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High-Tech Circuit Riders

Satellite churches are discovering a new way to grow the body of Christ.
2005This article is part of CT's digital archives. Subscribers have access to all current and past issues, dating back to 1956.

Sometimes, the best answer to prayer is "No." That's what Seacoast Church discovered in 2002, when the city of Mount Pleasant, South Carolina, rejected their proposed building expansion. With space at a premium at their original location, leaders at Seacoast—which had grown from 65 people in 1988 to a congregation of more than 3,000—decided to try an experiment. They rented an empty 10,000-square-foot retail space at a shopping center about a quarter mile from the church, set up chairs and multimedia equipment, and started an off-site worship service.

The off-campus approach, featuring live music and a videotaped sermon, worked so well that Seacoast started another one. And another. And another.

Today, Seacoast has a congregation of 7,000 spread over a network of nine campuses. And what once was seen as a setback is now considered a godsend.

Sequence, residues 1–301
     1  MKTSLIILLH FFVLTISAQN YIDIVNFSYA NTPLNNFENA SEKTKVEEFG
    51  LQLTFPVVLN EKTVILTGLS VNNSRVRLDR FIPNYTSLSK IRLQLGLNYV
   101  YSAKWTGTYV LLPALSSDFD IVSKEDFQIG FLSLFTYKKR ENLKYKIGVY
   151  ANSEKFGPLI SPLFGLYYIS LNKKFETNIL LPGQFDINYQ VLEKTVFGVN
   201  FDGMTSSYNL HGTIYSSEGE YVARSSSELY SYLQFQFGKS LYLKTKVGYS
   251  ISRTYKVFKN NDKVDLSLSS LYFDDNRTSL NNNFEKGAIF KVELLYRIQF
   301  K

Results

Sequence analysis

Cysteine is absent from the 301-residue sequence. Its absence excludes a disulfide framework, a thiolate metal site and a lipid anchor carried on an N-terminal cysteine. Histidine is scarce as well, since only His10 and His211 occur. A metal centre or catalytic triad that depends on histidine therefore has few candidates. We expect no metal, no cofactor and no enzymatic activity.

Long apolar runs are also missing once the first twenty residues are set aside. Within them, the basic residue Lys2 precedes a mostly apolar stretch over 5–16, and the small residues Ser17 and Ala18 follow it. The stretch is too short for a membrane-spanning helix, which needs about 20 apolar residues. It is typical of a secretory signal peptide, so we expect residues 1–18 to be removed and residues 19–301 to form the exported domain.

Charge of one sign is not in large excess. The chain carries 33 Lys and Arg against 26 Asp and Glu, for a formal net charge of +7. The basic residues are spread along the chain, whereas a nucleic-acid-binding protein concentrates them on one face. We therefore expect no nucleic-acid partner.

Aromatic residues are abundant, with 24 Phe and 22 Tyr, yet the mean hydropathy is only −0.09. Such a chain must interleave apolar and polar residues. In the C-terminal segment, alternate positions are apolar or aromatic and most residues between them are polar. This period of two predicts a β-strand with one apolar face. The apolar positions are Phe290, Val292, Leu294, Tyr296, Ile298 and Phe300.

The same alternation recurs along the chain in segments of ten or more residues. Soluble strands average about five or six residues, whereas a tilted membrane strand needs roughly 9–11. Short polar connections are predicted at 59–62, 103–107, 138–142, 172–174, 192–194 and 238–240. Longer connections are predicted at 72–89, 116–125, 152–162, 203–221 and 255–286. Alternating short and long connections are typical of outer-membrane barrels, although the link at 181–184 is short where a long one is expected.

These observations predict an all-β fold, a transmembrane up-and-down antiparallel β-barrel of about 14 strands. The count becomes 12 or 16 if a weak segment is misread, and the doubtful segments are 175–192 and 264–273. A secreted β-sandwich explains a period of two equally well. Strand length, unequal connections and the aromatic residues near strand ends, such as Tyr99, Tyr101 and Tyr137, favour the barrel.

"For a couple of years we couldn't figure out what God was trying to tell us," Geoff Surratt, network pastor for Seacoast, told CT. "Now as we look back, we see God's hand was working. That rejection turned us into a multisite church. This is not just an outreach strategy—this is who we are."

Seacoast is one of almost 1,000 U.S. churches to embrace a multisite approach, according to the Leadership Network (www.leadnet.org). Sometimes called a "satellite" or "franchise" model, going multisite is seen by advocates as one of the leading innovations of the 21st century and by critics as a sign that the church has sold out to consumerism—becoming just another big-box retailer, selling salvation with convenient hours and a discount price. The answer, as usual, lies somewhere in between.

Sweating the Small Stuff

It's five o'clock on a Saturday evening in Oklahoma City, and Kevin ...

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